Summary – Chapters Thirty, Thirty One and Thirty Two
In Chapter Thirty, Jim tells Marlow he does not know why he ‘hung on’ there (whilst Cornelius was treating him badly), but Marlow says we may guess as Jim sympathized deeply with Jewel who was at the mercy of this ‘scoundrel’. Cornelius demanded respect from his step-daughter, yet he would also abuse her dead mother.
At this time, danger was also gathering and Doramin twice sent a servant to ask him to come back across the river to the Bugis people for his safety (from the Rajah). Others also came to inform Jim of the plots to kill him and Cornelius said he would procure a man – for 80 dollars – to help him leave the area. Finally, Jim lost his temper with Cornelius. He told him ‘nothing can touch me’ and defied all of Patusan to scare him away. Afterwards, he felt ashamed, but slept well for the first time in two weeks.
The next day, in Chapter Thirty One, it is described how Jim persuaded the Bugis to attack Sherif Ali. He felt elated by their commitment and tried to be civil with Cornelius when he returned home. He fell asleep and was woken by Jewel. She said he should follow her outside as he is to be set upon. It was a beautiful night and Marlow reminds his listeners (and the readers) that this is a love story he is telling us now. Jewel told Jim that the men who are waiting to attack him are in the storeroom and he is elated when she lets him know she has been watching him sleep. Marlow repeats his view that this is a love story.
Jewel then asked Jim to go to Doramin, but he decided to look in the storeroom instead. She held the torch as he entered. A man ran at him with a weapon and Jim shot him through the mouth. Jim later felt calm as though this man’s death ‘atoned for everything’. The other three men surrendered.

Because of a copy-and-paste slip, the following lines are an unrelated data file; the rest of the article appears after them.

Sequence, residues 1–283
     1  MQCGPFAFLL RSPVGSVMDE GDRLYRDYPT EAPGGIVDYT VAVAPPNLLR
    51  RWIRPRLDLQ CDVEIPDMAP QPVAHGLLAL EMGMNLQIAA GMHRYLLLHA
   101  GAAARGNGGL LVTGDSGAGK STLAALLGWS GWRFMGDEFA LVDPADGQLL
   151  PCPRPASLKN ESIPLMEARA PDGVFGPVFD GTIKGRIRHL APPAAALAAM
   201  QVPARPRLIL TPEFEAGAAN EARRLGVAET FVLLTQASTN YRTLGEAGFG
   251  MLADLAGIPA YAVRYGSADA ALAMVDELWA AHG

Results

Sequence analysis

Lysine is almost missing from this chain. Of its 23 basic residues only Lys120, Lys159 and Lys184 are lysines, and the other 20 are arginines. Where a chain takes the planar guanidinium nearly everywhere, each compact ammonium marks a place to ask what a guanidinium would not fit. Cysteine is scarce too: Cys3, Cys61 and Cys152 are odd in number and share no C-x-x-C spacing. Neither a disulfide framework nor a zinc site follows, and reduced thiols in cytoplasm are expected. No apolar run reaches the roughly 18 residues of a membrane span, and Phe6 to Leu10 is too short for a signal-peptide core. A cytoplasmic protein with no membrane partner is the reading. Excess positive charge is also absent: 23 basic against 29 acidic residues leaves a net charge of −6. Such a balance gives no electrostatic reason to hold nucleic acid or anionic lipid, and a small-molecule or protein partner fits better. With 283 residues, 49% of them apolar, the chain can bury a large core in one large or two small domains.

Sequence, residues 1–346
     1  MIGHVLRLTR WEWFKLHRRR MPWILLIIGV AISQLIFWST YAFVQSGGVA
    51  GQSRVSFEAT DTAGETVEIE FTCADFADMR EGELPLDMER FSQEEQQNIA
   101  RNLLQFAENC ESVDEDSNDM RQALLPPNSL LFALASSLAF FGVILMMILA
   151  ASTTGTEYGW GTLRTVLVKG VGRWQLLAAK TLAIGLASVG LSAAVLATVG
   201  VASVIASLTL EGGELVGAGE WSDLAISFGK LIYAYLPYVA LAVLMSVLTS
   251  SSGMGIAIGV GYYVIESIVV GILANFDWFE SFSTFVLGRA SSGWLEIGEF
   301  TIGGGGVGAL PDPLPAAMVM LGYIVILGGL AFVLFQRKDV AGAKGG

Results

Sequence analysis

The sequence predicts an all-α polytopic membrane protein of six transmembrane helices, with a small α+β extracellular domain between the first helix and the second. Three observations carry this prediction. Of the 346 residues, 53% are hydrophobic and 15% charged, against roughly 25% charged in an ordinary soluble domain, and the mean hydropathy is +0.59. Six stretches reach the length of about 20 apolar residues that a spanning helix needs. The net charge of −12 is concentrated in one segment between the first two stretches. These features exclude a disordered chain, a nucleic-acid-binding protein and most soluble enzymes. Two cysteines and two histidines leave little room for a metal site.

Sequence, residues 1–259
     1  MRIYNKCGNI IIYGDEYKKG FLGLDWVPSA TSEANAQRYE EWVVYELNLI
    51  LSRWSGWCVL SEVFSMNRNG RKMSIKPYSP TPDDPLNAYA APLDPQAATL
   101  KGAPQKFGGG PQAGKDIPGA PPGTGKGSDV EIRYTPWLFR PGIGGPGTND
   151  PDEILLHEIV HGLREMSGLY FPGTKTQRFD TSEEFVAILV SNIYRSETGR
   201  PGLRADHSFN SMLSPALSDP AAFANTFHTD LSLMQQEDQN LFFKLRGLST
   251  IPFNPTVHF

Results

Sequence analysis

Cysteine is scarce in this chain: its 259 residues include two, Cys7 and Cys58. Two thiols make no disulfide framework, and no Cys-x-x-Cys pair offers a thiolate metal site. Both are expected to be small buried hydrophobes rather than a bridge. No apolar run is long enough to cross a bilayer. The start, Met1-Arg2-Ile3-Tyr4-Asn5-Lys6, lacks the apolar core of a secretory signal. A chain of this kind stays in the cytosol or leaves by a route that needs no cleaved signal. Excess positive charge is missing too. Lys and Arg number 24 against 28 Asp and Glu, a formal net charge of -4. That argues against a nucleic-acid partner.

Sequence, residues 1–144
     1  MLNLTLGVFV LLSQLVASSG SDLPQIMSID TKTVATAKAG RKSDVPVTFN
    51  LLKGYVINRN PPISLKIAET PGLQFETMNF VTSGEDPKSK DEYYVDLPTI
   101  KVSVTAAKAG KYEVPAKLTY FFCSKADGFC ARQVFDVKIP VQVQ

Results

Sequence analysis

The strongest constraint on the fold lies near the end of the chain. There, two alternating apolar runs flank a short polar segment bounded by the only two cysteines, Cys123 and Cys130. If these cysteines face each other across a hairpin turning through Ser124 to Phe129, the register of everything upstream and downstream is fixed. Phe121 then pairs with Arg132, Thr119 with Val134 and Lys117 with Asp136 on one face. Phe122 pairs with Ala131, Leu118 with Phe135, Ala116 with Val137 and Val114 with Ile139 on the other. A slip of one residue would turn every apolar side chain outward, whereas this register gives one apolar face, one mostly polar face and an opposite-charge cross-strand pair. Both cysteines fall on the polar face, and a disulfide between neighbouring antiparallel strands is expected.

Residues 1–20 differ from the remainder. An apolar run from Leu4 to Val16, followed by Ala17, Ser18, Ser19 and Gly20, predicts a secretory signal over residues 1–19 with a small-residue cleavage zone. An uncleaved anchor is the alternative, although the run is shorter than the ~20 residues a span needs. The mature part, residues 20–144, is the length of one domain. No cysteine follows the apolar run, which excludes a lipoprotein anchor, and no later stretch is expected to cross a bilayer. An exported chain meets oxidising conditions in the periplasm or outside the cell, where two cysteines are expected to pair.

Chapter Thirty Two continues with this story and relates how Jewel maintained her grip on the torch as the three men came out and obeyed his instructions. He ordered them to go back to Sherif Ali.
Jim tells Marlow that he now loves Jewel and feels absolutely necessary to another person. He compares finding her to going out for a stroll and coming suddenly across ‘somebody drowning in a lonely dark place’. He also says that even after two years of living there he cannot conceive of returning home as he has not forgotten the reason he first came there. These people can never know ‘the real, real truth’, but adds that he is ‘nearly satisfied’. He believes Marlow would not like him aboard his own ship, and Marlow demurs at this. Later, Jewel stops Marlow when he is alone and he sees that she is anxious that he will take Jim away from her.
Analysis – Chapters Thirty, Thirty One and Thirty Two
As Marlow recounts the ‘love story’ between Jewel and Jim, he heightens the sense of romance that is attached to this hero. His bravery is also highlighted in these passages; for example, he defies all of Patusan when he says nothing can touch him. He is seen to refuse to submit to intimidation and his decision to enter the storeroom, rather than run away to Doramin as Jewel wishes him to, demonstrates his regained self-belief.
It is also telling that he considers the shooting of one of his attackers as a form of atonement. It is as though he feels he has made some amends for jumping from the ship, because he has now stayed and faced his fear.